The UVLO pin should not be left floating. An external UVLO set-point voltage divider from the VIN to AGND is used to set the minimum input operating voltage of the regulator. The divider must be designed such that the voltage at the UVLO pin is greater than 1.25 V and never exceeds 15 V when the input voltage is in the desired operating range. If necessary, the UVLO pin can be clamped with a Zener diode.
UVLO hysteresis is accomplished with an internal 20μA current source that is switched on or off into the impedance of the UVLO set-point divider. When the UVLO pin voltage exceeds the 1.25 V threshold, the current source is enabled to quickly raise the voltage at the UVLO pin. When the UVLO pin voltage falls below the 1.25 V threshold, the current source is disabled causing the voltage at the UVLO pin to quickly fall. The use of a CFT capacitor in parallel with RUV1 helps to minimize switching noise injection into UVLO pin, but it may slow down the falling speed of the UVLO pin when the 20 μA current source is disabled. The recommended range for CFT is 10 pF to 220 pF.
The values of RUV1 and RUV2 can be determined from the following equations:
The LM5117 switching frequency is programmed by a single external resistor connected between the RT pin and the AGND pin. The resistor should be located very close to the device and connected directly to the RT and AGND pins. To set a desired switching frequency (ƒSW), the resistor value can be calculated from the following equation:
The RT pin can be used to synchronize the internal oscillator to an external clock. The internal oscillator can be synchronized by AC coupling a positive edge into the RT pin. The voltage at the RT pin is nominally 1.25 V and the voltage at the RT pin must exceed the RT Sync Positive Threshold to trip the internal synchronization pulse detector. A 5 V amplitude pulse signal coupled through a 100-pF capacitor is a good starting point. The frequency of the external synchronization pulse is recommended to be within ±10% of the frequency programmed by the RT resistor but will operate to +100/-40% of the programmed frequency. Care should be taken to guarantee that the RT pin voltage does not go below –0.3 V at the falling edge of the external pulse. This may limit the duty cycle of external synchronization pulse.
The RT resistor is always required, whether the oscillator is free running or externally synchronized.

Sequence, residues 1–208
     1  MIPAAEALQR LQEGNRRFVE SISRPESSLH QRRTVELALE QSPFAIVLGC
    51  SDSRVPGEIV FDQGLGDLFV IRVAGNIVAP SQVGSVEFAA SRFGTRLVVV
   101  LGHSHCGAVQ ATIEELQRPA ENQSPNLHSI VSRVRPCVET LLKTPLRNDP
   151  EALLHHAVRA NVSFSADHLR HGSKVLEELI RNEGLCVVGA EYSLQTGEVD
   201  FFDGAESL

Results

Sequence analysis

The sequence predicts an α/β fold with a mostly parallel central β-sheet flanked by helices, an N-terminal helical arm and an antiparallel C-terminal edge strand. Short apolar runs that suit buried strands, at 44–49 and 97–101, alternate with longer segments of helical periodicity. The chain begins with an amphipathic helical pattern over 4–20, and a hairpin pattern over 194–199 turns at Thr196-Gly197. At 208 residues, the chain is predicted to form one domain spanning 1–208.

The ramp signal used in the pulse width modulator for traditional current mode control is typically derived directly from the high-side switch current. This switch current corresponds to the positive slope portion of the inductor current. Using this signal for the PWM ramp simplifies the control loop transfer function to a single pole response and provides inherent input voltage feed-forward compensation.
The disadvantage of using the high-side switch current signal for PWM control is the large leading edge spike due to circuit parasitics that must be filtered or blanked. Minimum achievable pulse width is limited by the filtering, blanking time and propagation delay with a high-side current sensing scheme.
In the applications where the input voltage may be relatively large in comparison to the output voltage, controlling small pulse widths and duty cycles are necessary for regulation. The LM5117 utilizes a unique ramp generator which does not actually measure the high-side switch current but rather reconstructs the signal. Representing or emulating the inductor current provides a ramp signal to the PWM comparator that is free of leading edge spikes and measurement or filtering delays, while maintaining the advantages of traditional peak current mode control.
The current reconstruction is comprised of two elements: a sample-and-hold DC level and the emulated inductor current ramp as shown in Figure 20. The sample-and-hold DC level is derived from a measurement of the recirculating current flowing through the current sense resistor. The voltage across the sense resistor is sampled and held just prior to the onset of the next conduction interval of the high-side switch. The current sense amplifier with a gain of 10 and sample-and-hold circuit provide the DC level of the reconstructed current signal as shown in Figure 21.
The positive slope inductor current ramp is emulated by CRAMP connected between RAMP and AGND and RRAMP connected between SW and RAMP. RRAMP should not be connected to VIN directly because the RAMP pin absolute maximum voltage rating could be exceeded under high input voltage conditions. CRAMP is discharged by an internal switch during the off-time and must be fully discharged during the minimum off-time. This limits the ramp capacitor to be less than 2 nF. A good quality, thermally stable ceramic capacitor is recommended for CRAMP.
The selection of RRAMP and CRAMP can be simplified by adopting a K factor, which is defined as:
By choosing 1 as the K factor, the regulator removes any error after one switching cycle and the design procedure is simplified. See Application and Implementation for detailed information.